Boris Johnson made the decision to implement Tier 4 Covid lockdowns – ruining Christmas plans for millions of Brits – while senior civil servants partied the night away in Downing St, leaked WhatsApp messages reveal.
A No10 Christmas party raged on December 18, 2020, which saw civil servants spill wine on the walls of the press office and partygoers leave the carnage to attend ‘official meetings’ according to Sue Gray’s Partygate report.
All the while, the then Prime Minister was sat in the Cabinet room drawing up plans to announce that regular citizens in high-risk areas were to stay at home.
The timing of the party was revealed by time stamps on WhatsApp messages exchanged between then Health Secretary Matt Hancock and Simon Case, the then permanent secretary at the Cabinet Office, according to The Daily Telegraph who obtained the messages.
MailOnline has contacted No10, the Cabinet Office and Boris Johnson for comment.
Britain’s Prime Minister Boris Johnson speaks during a news conference in response to the ongoing situation with the coronavirus disease (COVID-19) pandemic, inside 10 Downing Street on December 19, 2020 in London, England
A No. 10 Christmas party raged on December 18, 2020, which saw civil servants spill wine on the walls of the press office and partygoers leave the carnage to attend ‘official meetings’ according to Sue Gray’s Partygate report (Johnson pictured at a lockdown party)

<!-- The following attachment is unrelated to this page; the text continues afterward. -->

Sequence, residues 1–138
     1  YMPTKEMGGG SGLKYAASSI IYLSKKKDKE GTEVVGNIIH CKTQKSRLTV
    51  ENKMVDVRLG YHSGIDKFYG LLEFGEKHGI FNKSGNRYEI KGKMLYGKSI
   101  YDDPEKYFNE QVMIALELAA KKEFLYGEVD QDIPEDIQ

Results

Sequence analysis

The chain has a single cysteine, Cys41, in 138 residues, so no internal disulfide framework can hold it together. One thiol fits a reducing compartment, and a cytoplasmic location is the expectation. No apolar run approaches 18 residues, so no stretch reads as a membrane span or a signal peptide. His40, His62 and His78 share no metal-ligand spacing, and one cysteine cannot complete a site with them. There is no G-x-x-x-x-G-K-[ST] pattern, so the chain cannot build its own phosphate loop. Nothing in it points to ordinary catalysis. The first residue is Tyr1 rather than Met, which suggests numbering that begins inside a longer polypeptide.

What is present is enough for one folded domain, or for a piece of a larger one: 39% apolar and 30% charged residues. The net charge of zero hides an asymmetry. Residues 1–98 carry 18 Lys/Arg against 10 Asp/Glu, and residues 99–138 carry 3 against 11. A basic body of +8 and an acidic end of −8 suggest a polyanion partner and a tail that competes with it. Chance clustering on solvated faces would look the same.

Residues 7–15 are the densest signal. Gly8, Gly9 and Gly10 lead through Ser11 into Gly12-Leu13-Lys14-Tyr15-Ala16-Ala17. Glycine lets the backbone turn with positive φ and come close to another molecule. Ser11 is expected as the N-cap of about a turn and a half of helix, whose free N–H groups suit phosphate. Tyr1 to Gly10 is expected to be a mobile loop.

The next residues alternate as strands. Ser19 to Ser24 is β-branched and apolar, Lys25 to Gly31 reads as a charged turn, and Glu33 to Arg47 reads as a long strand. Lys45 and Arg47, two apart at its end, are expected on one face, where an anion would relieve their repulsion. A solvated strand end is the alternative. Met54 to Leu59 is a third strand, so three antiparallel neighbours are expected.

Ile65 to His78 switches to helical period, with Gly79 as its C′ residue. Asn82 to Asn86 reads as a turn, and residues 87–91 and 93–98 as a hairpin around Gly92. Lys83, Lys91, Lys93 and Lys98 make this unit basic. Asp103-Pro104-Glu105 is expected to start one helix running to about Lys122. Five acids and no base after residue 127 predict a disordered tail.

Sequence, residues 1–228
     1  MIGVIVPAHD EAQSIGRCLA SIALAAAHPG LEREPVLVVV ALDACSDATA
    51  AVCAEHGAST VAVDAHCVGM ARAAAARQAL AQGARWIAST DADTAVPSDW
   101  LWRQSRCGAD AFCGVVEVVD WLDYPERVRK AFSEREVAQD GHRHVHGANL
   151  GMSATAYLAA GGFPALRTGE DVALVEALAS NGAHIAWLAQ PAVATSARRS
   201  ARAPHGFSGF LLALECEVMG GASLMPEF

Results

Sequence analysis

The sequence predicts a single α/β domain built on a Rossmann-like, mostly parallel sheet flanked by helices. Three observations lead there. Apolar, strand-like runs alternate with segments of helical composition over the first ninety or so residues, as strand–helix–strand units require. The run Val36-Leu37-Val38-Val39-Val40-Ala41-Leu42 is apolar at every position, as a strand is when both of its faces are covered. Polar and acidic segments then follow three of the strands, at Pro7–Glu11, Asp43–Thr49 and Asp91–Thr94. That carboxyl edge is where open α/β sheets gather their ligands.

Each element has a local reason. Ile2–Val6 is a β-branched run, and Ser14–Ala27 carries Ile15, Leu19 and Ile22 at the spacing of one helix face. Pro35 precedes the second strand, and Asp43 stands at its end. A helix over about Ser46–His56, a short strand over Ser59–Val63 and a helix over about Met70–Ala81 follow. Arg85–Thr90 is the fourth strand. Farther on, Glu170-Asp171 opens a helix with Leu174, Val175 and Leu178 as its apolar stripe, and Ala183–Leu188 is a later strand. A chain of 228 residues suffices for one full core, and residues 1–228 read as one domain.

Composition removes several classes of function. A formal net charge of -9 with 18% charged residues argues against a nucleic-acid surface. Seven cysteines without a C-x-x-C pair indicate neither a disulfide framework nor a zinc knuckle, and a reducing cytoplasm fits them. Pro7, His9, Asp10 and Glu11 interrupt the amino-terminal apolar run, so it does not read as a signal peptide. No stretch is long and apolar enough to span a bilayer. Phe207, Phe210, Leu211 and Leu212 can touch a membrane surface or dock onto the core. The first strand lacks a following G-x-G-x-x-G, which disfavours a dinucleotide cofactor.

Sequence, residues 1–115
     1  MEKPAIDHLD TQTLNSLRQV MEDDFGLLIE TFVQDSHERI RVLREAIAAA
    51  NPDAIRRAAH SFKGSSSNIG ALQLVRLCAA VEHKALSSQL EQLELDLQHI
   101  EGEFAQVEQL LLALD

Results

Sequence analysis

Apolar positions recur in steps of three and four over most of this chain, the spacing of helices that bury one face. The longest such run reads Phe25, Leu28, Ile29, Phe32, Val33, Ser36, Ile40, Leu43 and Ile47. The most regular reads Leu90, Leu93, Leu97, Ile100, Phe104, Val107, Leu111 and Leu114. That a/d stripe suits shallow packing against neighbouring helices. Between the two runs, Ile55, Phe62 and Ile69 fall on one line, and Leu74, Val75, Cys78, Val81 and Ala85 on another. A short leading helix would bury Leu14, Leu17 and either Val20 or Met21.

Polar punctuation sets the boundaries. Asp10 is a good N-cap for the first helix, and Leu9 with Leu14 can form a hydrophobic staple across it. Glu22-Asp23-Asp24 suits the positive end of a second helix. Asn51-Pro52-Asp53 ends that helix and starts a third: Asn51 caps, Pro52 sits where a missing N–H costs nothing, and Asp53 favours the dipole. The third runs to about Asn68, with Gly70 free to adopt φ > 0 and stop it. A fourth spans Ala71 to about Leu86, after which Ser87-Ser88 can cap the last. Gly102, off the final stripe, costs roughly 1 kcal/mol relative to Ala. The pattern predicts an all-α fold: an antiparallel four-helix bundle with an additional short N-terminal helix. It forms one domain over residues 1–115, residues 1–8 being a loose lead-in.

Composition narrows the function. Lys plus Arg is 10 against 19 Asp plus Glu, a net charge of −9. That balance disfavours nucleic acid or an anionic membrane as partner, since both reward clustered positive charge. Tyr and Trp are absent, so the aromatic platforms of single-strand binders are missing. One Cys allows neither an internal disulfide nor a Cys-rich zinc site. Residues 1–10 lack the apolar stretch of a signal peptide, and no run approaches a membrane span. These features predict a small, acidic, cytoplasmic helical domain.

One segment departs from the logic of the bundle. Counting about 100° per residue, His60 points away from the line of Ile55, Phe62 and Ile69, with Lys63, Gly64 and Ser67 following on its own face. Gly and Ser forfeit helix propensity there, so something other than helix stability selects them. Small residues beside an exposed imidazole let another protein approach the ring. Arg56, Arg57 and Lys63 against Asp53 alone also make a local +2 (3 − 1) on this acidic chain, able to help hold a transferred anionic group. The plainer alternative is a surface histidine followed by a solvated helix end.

Hours after the No. 10 party on December 18, Johnson addressed the nation, telling people they were facing reinforced restrictions and that they could no longer travel.
‘First, we will introduce new restrictions in the most affected areas – specifically those parts of London, the South East and the East of England which are currently in tier 3,’ the then Prime Minister said.
‘These areas will enter a new tier 4… that means residents in those areas must stay at home, apart from limited exemptions set out in law.
‘Second, we are issuing new advice on travel… We are asking everyone, in all tiers, to stay local.’
This advice came less than 24 hours after civil servants were quaffing booze in the halls of Downing St – and just three days after Johnson had told the nation that ‘it would not be right to criminalise people who have made plans and simply want to spend time with their loved ones [at Christmas].’
The sickening revelation comes as messages revealed that Matt Hancock said the Government must ‘get heavy with the police’ to make them crack down on lockdown rule-breakers and gave senior police officers ‘their marching orders’ to enforce restrictions.
Hancock made the second comment days before No 10 staff held an illicit party at Downing Street. The leaked texts to The Daily Telegraph also reveal that senior officers were hauled into No 10 to be told they should be stricter with the public.
This is despite ministers claiming at the time that the police were operationally independent of the Government.
On August 28, 2020, Case asked Hancock: ‘Who is actually delivering enforcement?’
The Government must ‘get heavy with the police’ to make them crack down on lockdown rule-breakers, Matt Hancock said during the pandemic